One of the greatest expenses and energy drains in a cleanroom is the HVAC system. Air change rates, pressurization, temperature, and humidity are all monitored to maintain compliance for cleanroom classification. This accounts for about 80% of the energy used, and about 50% of that comes from that fans alone.
With strict guidelines on air quality and regulation, the HVAC systems are typically left to run at full power all the time. If you can reduce the amount of energy used by the HVAC or even shut the system down while the room is not in use (e.g. evenings and weekends), it would result in a significant cost and energy savings. The question is: is it possible to reduce the air change rates without compromising the microbial growth in a sterile environment?
According to research, yes, it might be possible to cut HVAC usage during periods of inactivity without compromising classification of the room.
Several experiments have been conducted to test this, yielding similar results. However, it is important to note that for your specific cleanroom, you should take this as part of your overall data collection to determine whether your own cleanroom qualifies for turndown or shutoff.
Pharmout.net published some interesting findings in the article “What’s your cleanroom costing you?” by Megan Rutherford. You can read the full details here. To summarize, the experiment took place in an empty Grade C cleanroom that was serviced by an airlock, both with terminal HEPA filtration.
As stated in the article, “A single air handling unit supplied the cleanroom and airlock, providing the cleanroom with up to 45 air changes per hour (AC/H). The system was balanced to provide 15 Pascals positive pressure to the airlock and 30 Pascals positive pressure to the cleanroom, relative to atmospheric pressure.”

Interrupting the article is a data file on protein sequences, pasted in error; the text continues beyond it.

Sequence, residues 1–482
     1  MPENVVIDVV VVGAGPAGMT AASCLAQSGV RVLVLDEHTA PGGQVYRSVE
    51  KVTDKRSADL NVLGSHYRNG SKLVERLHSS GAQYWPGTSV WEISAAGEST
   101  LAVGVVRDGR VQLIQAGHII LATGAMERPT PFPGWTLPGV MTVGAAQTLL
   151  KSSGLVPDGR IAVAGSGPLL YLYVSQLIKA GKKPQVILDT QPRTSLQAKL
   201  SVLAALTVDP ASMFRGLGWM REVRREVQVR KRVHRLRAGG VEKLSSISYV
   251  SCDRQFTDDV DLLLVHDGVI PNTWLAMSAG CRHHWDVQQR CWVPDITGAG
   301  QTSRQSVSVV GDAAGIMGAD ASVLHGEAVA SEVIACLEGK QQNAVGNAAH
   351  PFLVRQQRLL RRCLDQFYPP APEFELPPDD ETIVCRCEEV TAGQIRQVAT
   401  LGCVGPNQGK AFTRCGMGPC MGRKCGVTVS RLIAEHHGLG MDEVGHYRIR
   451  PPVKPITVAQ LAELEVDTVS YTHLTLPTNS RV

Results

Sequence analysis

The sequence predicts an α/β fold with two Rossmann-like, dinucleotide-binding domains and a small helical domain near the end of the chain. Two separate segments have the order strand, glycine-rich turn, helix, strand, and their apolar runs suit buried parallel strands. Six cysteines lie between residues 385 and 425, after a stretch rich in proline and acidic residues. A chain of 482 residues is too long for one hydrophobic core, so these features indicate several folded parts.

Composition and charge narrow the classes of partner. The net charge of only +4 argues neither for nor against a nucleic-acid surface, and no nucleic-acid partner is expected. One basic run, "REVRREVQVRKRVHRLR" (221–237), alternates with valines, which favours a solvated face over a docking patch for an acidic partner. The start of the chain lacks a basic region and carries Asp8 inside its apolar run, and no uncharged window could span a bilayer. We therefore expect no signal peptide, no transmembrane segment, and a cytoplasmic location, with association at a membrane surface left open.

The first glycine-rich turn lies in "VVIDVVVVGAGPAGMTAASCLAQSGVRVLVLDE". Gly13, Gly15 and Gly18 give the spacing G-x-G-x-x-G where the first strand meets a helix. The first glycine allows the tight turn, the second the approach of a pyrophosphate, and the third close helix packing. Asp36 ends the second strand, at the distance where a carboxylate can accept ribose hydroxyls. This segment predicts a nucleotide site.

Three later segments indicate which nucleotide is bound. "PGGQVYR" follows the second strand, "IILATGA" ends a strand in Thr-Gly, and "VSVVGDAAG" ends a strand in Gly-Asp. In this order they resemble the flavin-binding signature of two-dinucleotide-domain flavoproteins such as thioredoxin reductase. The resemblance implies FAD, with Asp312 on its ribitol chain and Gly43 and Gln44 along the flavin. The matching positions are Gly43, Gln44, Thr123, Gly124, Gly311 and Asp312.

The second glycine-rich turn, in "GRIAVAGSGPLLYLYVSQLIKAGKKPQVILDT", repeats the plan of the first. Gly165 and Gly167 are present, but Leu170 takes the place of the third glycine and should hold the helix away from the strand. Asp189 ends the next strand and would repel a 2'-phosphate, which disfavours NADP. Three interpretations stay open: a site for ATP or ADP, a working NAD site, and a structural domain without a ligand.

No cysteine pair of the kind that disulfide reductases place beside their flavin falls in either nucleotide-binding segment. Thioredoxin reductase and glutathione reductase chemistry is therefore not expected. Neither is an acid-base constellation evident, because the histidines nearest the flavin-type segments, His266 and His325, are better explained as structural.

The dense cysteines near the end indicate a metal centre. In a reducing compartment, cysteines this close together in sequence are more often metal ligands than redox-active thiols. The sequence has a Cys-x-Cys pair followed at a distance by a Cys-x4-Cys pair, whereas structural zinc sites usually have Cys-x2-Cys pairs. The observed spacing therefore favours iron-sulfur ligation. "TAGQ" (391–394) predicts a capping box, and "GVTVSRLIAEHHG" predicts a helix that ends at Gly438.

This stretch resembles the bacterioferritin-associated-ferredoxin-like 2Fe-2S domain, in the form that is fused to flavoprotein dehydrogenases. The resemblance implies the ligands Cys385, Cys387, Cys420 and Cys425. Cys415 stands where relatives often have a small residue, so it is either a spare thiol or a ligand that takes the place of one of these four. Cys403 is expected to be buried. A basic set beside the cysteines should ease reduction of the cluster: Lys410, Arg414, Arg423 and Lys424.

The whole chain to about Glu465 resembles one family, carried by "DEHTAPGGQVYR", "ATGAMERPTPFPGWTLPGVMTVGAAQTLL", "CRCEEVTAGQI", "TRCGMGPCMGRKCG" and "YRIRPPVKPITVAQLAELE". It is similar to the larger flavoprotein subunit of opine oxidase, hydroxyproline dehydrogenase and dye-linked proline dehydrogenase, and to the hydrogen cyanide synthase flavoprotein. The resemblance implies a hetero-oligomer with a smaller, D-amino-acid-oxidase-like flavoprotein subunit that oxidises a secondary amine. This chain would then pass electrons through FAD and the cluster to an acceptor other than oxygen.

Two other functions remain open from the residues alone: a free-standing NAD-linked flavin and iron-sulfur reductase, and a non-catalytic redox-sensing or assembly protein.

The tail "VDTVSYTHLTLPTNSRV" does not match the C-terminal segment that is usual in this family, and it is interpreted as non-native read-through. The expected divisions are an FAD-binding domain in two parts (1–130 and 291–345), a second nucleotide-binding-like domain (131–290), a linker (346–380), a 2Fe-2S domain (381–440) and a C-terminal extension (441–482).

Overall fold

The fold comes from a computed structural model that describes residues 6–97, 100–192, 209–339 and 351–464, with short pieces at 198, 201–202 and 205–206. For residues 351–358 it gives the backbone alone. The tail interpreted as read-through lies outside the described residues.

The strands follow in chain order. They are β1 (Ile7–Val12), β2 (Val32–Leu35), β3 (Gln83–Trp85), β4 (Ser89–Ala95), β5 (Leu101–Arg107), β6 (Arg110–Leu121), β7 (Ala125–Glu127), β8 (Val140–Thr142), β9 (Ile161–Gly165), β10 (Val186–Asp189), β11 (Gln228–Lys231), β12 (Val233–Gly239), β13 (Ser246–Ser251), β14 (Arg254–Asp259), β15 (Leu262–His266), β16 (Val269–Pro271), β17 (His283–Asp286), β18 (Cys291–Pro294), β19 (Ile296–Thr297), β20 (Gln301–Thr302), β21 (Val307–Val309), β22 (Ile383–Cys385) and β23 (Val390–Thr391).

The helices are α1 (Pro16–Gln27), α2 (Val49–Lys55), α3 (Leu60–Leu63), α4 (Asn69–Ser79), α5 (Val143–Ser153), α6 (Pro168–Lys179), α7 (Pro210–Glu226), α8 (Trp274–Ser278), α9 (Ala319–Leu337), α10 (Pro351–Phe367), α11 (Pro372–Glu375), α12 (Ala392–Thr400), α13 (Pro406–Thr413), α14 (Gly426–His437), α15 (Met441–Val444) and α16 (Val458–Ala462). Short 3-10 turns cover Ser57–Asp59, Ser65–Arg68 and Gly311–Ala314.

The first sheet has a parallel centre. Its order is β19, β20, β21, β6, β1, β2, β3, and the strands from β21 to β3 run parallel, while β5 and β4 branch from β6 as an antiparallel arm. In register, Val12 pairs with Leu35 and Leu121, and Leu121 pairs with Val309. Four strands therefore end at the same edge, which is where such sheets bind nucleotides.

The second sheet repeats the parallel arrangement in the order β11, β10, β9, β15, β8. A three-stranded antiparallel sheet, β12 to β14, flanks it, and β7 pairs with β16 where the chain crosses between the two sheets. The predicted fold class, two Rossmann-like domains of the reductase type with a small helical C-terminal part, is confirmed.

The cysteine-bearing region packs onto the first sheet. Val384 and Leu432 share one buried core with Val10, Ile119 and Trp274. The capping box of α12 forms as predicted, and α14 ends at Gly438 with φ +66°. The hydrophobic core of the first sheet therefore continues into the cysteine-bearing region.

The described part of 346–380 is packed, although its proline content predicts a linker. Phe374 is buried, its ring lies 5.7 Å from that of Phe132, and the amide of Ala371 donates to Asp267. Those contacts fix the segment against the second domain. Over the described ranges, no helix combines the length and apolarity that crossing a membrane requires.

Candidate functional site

What the study concluded was that while there was an increase in non-viable particles during low air change rates, the increase was not significant enough to change classification.
When the air change rate was stopped completely, this experiment found that classification was lost in about twenty minutes. However, depending on the cleanroom, some say you may be able to shut your system down completely on the weekends.
The potential to cut energy usage and accompanying costs by limiting your HVAC system is a game-changer for a lot of companies. The end result is definitely worth your time and resources to find out if this is a possibility for your facility.
For questions or services regarding cleanroom certification or validation, contact Gerbig Engineering Company. We’ve been in this industry for thirty years. 888-628-0056; email@example.com.